What if the ECB does introduce a QE programme, involving the purchase of EZ government debt, though only on the basis that the relevant countries meet pre-agreed targets? You have provided a massive incentive to introduce structural reforms, dealt with the German's/Bundesbank objections, and those countries that play ball will benefit from lower interest rates and a weaker euro. On the other hand, if EZ countries do not cooperate, yields on their bonds will blow out massively – just the right stick to wield. It's the classic carrot and stick approach. Too fanciful? Well, maybe, but...
I guarantee you just such a solution is being talked about. We will see what actually gets implemented. Now let’s turn to the conclusion of White’s interview (emphasis mine):
The SNB has to follow the ECB in its monetary policy. Is it not dangerous when the monetary policy of one country affects another?
Currently we have an international monetary non-system. Nobody has to follow any rules. Everybody does what they consider is in their own short-term best interest. The real difficulty is: What is in their short-term interest – for example, following ultra-easy monetary policy – could well backfire somewhere [else]. It might be not in their long-term best interest. And as the easy monetary policy influences the exchange rates, it influences other countries. Almost every country in the world is in easing mode, following the Fed, and we have absolutely no idea how it will end up. We are in absolutely unchartered territory here. This worries me the most. The Swiss National Bank has been doing well in what it was forced to do by this international monetary non-system. The Swiss have to do the best they can, because that is what everybody else is doing.
What are the risks of this non-system?
There is no automatic adjustment of current account deficits and surpluses, they can get totally out of hand. There are effects from big countries to little ones, like Switzerland. The system is dangerously unanchored. It is every man for himself. And we do not know what the long-term consequences of this will be. And if countries get in serious trouble, think of the Russians at the moment, there is nobody at the center of the system who has the responsibility of providing liquidity to people who desperately need it. If we have a number of small countries or one big country which run into trouble, the resources of the International Monetary Fund to deal with this are very limited. The idea that all countries act in their own individual interest, that you just let the exchange rate float and the whole system will be fine: This all is a dangerous illusion.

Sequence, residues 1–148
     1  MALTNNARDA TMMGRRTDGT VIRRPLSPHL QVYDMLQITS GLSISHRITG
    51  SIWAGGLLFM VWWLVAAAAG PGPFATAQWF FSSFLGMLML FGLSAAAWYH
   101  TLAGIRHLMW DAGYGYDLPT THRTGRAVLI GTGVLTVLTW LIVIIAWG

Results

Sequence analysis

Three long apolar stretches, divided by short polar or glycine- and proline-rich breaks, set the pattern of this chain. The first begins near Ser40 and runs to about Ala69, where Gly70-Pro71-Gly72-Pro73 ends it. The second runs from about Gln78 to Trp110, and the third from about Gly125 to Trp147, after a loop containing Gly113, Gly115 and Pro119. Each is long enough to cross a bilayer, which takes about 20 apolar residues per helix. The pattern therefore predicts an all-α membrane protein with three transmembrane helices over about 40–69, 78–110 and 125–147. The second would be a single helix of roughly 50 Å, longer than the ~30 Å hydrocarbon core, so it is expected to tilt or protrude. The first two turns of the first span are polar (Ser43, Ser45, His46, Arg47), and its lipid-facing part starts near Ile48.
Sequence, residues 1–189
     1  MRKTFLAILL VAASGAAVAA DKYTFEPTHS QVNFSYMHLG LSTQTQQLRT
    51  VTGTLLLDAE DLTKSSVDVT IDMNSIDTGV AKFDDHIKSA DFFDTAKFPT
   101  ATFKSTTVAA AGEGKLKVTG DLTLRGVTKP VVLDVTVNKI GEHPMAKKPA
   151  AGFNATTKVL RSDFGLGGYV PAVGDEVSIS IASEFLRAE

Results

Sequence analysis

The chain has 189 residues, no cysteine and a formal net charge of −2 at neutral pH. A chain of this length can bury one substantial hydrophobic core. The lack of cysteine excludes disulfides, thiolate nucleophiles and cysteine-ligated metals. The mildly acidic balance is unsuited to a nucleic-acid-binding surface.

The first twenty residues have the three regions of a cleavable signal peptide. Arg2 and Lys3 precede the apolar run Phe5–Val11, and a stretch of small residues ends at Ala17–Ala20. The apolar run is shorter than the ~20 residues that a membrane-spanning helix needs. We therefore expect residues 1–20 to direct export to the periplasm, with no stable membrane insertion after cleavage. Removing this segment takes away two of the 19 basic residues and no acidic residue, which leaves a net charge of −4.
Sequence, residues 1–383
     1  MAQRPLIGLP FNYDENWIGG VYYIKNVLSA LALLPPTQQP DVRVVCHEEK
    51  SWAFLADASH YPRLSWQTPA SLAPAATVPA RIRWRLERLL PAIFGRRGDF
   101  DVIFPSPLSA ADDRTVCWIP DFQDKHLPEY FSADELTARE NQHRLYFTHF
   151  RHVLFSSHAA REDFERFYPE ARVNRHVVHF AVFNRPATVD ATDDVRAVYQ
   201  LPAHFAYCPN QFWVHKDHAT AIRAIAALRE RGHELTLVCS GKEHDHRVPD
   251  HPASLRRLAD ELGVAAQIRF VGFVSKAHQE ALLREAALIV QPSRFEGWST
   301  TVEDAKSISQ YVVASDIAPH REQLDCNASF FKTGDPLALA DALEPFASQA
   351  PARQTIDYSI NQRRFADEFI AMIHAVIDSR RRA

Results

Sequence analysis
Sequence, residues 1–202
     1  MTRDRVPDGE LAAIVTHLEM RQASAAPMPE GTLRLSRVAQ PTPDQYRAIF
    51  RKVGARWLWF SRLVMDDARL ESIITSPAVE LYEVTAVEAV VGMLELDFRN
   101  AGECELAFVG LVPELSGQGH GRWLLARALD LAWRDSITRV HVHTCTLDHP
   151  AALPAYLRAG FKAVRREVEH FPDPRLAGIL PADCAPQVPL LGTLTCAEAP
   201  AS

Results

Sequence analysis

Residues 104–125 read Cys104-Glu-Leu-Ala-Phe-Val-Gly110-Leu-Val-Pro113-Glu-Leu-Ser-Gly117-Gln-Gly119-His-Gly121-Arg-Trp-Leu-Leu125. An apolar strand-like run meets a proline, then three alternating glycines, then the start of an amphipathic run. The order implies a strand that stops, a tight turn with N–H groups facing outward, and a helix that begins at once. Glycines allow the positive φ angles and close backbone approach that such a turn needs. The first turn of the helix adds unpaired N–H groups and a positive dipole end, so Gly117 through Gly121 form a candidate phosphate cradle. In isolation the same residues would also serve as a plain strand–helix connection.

My associate Worth Wray will join us next week, presenting his forecast for 2015, which will concentrate on the emerging markets and China. I will return after the first of the year with my own 2015 forecast – there is much to ponder over the next couple of weeks.
I am home for the rest of the month, but the calendar for next year is beginning to fill up. I see Cincinnati, Grand Cayman, Zurich, and Florida on my schedule. It has been awhile since I was in the Cayman Islands, and this time I’ll take a short hop over to Little Cayman to visit my friend Raoul Pal for a few days. A brilliant macroeconomist and trader, Raoul has now based himself in Little Cayman, although he frequently flies to visit clients. He is also a partner with Grant Williams in Real Vision Television, a fascinating new take on internet investment TV. I’ll be writing more about it in the future.
And speaking of Grant, I wish him well as he embarks upon a new endeavor, that of turning his passionate avocation of writing his brilliant newsletter Things That Make You Go Hmmm… into a business. It has been an honor and privilege to publish Grant for these last years and to help bring his wicked (not to say warped) humor and dazzling writing style to a larger audience. But the far greater reward has been getting to know Grant personally. I appreciate the kind words he wrote about me in his letter last week, and the feeling is mutual. Grant is just one of the most genuinely nice people I have ever met.